Background: future fast Quantum Computers (QCs) are hypothesized to be much faster at solving various forms of the Discrete Log Problem (DLP) than classical computers (e.g. what we use now). Bitcoin uses the DLP in what's called a trapdoor function: a function that's easy to compute one way (a private key generating a public key) but hard to compute the other way (using a public key to recover the original private key). Fast QCs break that trapdoor, hypothetically allowing the operator of the QC to steal the bitcoins from anyone whose public key is publicly known.
However, although must bitcoins are ultimately controlled by public keys, in many cases those public keys aren't publicly known until someone broadcasts an unconfirmed transacting spening those bitcoins. That's because of an optimization Satoshi Nakamoto implemented in Bitcoin 0.1 to allow Bitcoin addresses to be around 25 bytes long rather than the 70 bytes he knew how to create another way (but which we could do equivilently in 38 bytes today since we know about compressed public keys). Nakamoto's optimization has the side effect of hiding public keys behind a hash until it's time to spend using them. Although QCs are a bit faster at compromising hashes than classical computers, the speed up isn't anywhere near as huge as it is for solving DLPs, so hashes of a certain strength will likely stay secure much further into the future.
We do know about other signature schemes with other trapdoor functions that make it incredibly hard for both classical computers and QCs to recover a private key from a public key, so Bitcoin users can ultimately upgrade to protect themselves against hypothetical future fast QCs. But there's still a problem at the point in time when we start to think that QCs have become fast enough to start recovering private keys: at that point, it's not safe to spend your bitcoins because spending requires you reveal your public key and that can allow the QC operater to double-spend your unconfirmed transaction.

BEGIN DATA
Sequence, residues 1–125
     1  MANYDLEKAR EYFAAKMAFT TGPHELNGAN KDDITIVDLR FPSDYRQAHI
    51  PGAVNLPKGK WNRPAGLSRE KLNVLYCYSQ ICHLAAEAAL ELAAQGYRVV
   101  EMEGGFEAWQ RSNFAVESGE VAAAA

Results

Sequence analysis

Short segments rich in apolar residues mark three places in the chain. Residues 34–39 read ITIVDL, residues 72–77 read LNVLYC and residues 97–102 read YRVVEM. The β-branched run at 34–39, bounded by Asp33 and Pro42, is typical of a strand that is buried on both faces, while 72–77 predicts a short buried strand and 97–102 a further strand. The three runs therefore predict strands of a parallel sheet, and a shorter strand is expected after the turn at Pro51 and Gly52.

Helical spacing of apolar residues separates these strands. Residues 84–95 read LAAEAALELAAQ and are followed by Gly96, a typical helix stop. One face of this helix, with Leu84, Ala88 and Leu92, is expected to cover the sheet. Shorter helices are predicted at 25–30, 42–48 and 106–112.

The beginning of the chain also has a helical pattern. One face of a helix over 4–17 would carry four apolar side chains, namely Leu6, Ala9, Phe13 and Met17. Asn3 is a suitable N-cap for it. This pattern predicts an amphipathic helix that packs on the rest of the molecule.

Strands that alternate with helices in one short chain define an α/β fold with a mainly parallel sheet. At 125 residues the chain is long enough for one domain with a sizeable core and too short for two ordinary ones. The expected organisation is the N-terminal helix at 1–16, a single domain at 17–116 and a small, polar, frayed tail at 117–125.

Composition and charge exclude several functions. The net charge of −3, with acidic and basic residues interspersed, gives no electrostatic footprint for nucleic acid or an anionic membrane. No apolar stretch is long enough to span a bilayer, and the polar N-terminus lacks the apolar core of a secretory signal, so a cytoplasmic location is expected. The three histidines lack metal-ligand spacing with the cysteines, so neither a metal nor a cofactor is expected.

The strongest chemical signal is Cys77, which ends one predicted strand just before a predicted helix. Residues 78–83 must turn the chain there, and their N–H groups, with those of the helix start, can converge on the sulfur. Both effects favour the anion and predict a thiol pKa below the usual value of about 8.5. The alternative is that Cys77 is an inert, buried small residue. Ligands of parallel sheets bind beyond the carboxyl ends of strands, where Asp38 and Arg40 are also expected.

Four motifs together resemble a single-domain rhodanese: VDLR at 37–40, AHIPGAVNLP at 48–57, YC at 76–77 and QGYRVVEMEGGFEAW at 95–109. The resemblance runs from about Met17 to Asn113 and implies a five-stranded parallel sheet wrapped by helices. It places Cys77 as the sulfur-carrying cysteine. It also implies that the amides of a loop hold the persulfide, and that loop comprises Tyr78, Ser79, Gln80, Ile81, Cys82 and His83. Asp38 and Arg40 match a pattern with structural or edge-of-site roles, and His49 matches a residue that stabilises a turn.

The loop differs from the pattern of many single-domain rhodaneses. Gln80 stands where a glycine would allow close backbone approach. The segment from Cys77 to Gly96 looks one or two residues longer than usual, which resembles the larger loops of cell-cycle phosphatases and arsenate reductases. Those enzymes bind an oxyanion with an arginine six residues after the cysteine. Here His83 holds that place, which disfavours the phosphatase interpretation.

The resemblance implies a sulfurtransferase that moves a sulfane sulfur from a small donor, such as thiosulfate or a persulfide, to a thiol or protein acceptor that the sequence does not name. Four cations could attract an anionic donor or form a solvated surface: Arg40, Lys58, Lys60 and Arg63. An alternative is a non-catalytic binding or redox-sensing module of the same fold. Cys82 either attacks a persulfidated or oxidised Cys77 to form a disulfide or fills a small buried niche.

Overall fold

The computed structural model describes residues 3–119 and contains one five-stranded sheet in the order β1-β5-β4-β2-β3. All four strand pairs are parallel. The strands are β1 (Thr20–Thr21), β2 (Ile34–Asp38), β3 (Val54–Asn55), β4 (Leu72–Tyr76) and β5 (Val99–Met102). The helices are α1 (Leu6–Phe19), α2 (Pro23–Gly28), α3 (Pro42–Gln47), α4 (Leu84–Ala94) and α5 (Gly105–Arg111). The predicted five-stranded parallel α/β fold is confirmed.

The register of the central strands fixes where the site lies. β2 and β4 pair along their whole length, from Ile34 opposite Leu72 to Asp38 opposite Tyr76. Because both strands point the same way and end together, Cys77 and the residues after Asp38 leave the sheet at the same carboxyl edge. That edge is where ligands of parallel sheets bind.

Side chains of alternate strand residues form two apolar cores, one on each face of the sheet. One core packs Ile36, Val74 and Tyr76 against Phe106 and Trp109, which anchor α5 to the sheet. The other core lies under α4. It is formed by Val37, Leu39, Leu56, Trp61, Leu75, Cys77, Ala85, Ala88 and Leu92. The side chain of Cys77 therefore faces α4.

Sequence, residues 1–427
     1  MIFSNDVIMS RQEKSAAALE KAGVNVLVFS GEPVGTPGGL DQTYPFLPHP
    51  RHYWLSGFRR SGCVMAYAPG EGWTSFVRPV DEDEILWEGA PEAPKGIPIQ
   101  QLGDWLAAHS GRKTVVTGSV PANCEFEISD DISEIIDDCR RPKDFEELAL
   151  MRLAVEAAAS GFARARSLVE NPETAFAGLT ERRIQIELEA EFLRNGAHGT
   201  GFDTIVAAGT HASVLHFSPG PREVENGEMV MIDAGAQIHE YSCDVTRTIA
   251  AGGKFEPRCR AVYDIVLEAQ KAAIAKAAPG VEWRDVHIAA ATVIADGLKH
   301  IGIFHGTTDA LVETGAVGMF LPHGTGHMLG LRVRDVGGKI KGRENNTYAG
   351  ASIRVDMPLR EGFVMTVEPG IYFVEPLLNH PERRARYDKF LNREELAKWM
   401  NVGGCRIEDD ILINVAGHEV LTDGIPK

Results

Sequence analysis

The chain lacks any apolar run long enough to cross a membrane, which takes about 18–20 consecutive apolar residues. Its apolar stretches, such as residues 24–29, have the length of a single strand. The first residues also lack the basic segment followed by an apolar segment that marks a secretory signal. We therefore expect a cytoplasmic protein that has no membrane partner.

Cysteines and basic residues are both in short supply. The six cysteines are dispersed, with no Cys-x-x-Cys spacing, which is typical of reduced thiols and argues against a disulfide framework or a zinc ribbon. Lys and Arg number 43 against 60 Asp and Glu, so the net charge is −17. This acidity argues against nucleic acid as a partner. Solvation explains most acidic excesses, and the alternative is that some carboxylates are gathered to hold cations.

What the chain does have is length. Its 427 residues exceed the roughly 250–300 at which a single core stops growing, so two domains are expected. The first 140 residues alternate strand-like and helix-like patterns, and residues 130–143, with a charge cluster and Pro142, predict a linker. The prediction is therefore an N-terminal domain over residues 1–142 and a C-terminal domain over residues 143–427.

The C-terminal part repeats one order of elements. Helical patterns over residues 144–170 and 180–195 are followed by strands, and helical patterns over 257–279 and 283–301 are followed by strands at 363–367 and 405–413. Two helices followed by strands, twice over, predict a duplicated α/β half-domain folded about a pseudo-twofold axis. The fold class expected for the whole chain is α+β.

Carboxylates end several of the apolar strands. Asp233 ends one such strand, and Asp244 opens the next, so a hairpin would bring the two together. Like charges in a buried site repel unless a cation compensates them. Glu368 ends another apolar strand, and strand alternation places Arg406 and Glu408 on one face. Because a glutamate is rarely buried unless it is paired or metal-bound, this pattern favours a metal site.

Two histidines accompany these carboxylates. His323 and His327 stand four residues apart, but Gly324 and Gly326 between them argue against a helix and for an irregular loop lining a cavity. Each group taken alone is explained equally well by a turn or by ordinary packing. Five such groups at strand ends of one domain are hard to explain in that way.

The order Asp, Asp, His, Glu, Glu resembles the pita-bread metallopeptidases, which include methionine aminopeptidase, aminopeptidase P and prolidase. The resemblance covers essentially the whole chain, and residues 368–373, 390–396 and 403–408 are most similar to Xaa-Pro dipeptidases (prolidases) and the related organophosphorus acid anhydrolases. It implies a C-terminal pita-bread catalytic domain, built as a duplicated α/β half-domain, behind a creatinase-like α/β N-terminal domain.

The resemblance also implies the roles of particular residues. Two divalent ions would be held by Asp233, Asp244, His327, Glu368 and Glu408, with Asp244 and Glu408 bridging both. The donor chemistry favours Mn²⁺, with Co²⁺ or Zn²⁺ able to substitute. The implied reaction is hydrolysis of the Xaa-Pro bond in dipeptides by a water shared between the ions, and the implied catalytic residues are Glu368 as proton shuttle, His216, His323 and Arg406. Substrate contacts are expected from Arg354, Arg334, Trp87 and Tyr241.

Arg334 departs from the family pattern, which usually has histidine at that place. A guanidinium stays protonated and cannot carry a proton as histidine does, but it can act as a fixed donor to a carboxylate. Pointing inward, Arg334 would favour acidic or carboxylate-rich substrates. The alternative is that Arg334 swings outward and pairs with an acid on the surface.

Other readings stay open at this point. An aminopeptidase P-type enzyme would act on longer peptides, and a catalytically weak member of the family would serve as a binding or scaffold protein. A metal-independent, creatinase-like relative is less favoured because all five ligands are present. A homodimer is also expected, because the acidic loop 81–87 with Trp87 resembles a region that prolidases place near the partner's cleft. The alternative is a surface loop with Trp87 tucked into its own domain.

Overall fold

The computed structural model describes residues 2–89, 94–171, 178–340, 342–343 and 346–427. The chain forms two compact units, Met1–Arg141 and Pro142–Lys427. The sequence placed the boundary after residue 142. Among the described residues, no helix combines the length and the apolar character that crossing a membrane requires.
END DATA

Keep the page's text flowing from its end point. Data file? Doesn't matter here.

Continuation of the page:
Tim Ruffing's solution allows you to generate a transaction you know you want to send in the future (e.g. moving your funds to a new signature scheme) and then publishing it to the block chain encrypted by your public key (which nobody but you knows at this point). This doesn't actually spend your funds, but it does allow the encrypted form of that transaction (which not even the QC operator can see) to get a bunch of confirmations and become essentially irreversible.
Then you release your public key to the block chain. This allows the QC
operator to recover your private key, but it also allows everyone else
to look for any previous transactions you encrypted with your public key
and use the earliest of those as the actual spend of your funds rather than anything that came later and which could've been created by the QC operator.
Thus Bitcoin users have an upgrade path even if the case of a sudden discovery that there exist fast QCs. (Note: to gain this protection, you can never reuse an address after you've spent from it. Really, you should try really hard to never use the same address twice anyway for privacy.)